National Fisherman

Herring trawlers will have to stop fishing and end the fishing trip if they lower their nets and dump bycatch, such as a haddock and alewife, according to new rules being recommended by the New England Fishery Management Council.
 
The proposal should “greatly improve accountability” in the Atlantic herring fishery and provide more protection for river herring, shad and haddock, which are sometimes caught accidentally by herring trawlers, said Terry Stockwell, director of external affairs for the Maine Department of Marine Resources and chairman of the New England Fishery Management Council.
 
Alewife, blue back herring and shad spawn in freshwater streams but spend most of their adult lives in the ocean and occasionally are found in the same fishing grounds as Atlantic herring.
 
At a meeting last week in Mystic, Conn., the council voted 15-1 to endorse the proposal.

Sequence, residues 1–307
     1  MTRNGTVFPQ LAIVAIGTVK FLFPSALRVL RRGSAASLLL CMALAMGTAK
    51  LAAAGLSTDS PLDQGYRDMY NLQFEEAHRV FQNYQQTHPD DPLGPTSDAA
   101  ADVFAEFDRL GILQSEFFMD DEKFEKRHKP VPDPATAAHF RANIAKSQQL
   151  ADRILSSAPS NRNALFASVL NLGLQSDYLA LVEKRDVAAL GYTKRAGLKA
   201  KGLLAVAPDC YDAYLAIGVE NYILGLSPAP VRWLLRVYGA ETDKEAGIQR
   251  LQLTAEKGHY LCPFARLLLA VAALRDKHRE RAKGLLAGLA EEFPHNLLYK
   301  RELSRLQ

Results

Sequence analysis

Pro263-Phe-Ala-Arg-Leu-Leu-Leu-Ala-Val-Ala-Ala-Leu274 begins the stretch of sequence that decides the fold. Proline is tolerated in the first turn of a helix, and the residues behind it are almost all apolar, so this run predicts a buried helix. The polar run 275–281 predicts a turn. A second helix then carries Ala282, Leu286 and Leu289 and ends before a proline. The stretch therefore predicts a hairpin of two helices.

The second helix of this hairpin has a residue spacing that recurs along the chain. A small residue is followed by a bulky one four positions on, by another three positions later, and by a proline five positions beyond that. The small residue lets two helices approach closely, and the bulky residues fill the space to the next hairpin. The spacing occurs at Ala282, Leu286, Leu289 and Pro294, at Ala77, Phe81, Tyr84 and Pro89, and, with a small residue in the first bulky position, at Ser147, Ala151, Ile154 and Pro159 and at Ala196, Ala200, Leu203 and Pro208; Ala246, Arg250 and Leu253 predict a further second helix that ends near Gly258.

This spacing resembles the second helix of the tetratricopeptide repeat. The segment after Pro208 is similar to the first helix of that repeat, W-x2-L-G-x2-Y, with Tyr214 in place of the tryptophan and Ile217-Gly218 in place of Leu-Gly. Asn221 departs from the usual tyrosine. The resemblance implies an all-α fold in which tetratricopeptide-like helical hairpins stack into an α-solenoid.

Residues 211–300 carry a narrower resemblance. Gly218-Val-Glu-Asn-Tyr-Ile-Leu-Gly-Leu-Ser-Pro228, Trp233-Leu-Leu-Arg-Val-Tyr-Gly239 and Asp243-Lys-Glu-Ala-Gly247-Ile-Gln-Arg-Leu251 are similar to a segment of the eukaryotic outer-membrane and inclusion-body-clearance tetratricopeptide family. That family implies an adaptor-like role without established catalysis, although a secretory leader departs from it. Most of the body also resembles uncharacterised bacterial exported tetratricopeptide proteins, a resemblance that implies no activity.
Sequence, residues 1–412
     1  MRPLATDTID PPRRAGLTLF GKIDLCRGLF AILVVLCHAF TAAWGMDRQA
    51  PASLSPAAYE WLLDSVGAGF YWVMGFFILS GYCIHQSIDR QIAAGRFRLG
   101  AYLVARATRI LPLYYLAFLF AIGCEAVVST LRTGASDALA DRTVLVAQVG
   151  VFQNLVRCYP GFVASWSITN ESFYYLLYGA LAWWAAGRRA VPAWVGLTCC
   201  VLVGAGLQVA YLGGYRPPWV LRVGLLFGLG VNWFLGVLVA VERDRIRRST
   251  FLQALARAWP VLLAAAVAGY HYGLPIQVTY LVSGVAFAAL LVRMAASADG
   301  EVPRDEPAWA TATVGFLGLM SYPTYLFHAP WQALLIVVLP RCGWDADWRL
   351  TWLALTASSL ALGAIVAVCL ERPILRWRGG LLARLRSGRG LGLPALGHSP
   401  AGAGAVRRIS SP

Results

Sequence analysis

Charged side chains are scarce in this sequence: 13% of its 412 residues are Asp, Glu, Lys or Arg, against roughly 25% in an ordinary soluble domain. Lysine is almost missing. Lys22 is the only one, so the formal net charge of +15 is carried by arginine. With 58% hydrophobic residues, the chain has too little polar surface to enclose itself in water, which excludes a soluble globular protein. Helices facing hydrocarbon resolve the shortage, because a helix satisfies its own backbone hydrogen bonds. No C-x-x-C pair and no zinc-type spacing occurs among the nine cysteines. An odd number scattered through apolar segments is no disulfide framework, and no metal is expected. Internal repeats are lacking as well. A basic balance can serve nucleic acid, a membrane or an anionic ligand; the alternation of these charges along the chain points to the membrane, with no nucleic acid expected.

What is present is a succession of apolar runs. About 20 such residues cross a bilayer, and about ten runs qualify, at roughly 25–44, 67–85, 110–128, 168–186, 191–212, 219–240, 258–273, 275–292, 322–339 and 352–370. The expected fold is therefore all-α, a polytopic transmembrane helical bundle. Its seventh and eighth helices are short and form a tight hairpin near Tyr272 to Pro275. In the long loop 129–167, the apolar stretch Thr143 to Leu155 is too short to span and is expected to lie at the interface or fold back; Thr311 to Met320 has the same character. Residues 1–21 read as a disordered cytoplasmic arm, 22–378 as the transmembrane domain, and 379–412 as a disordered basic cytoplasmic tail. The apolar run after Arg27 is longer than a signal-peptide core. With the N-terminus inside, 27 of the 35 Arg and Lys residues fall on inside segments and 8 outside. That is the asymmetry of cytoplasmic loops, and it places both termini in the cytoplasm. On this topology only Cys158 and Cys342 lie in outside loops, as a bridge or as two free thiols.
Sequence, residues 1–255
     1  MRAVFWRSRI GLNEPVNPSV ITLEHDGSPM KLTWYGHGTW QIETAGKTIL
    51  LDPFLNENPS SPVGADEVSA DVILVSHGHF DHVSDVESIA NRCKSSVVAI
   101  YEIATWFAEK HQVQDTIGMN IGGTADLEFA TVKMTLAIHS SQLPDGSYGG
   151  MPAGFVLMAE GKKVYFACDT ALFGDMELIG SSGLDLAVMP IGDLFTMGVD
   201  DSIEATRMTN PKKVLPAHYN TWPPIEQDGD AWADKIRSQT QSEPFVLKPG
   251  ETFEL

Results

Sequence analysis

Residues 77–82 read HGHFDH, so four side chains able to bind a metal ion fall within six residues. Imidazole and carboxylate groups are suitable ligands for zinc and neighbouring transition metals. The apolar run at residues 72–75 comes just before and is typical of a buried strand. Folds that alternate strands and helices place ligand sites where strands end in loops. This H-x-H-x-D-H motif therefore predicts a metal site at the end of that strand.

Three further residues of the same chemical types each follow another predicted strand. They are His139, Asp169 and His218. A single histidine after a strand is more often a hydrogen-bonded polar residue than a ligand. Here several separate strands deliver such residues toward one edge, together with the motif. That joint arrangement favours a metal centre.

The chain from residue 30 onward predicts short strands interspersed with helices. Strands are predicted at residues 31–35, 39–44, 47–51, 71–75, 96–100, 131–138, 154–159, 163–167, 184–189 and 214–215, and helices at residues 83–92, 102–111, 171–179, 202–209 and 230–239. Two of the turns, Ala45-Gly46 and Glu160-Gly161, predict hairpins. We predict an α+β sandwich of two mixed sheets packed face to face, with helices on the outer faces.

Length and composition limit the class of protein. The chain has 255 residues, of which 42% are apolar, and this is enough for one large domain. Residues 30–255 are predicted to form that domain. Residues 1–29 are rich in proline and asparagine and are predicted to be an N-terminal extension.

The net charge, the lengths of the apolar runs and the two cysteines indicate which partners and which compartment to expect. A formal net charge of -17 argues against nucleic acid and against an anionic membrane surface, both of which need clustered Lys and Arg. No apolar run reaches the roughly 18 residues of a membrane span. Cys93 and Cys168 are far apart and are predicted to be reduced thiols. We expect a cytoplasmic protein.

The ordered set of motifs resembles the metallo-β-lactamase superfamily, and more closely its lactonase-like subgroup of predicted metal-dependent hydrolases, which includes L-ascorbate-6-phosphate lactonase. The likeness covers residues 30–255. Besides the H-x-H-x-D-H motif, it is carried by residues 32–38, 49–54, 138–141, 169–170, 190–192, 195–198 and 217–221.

Read the full story at the Portland Press Herald>>

National Fisherman Live

National Fisherman Live: 3/10/15

In this episode, Online Editor Leslie Taylor talks with Mike McLouglin, vice president of Dunlop Industrial and Protective Footwear.

National Fisherman Live: 2/24/15

In this episode:

March date set for disaster aid dispersal
Oregon LNG project could disrupt fishing
NOAA tweaks gear marking requirement
N.C. launches first commercial/recreational dock
Spiny lobster traps limits not well received

Inside the Industry

Alaska Gov. Bill Walker is required by state statute to appoint someone to the Board of Fisheries by today, Tuesday, May 19. However, his efforts to fill the seat have gone unfulfilled since he took office in January. The seven-member board serves as an in-state fishery management council for fisheries in state waters.

The resignation of Walker’s director of Boards and Commissions, Karen Gillis, fanned the flames of controversy late last week.

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Keith Decker, president and COO of High Liner Foods, will take over for the outgoing CEO, Harry Demone, who will assume the role as chairman of the board of directors. The Lunenburg, Nova Scotia-based seafood supplier boasts sales in excess of $310 million (American) for the first quarter of the year.

Read more...
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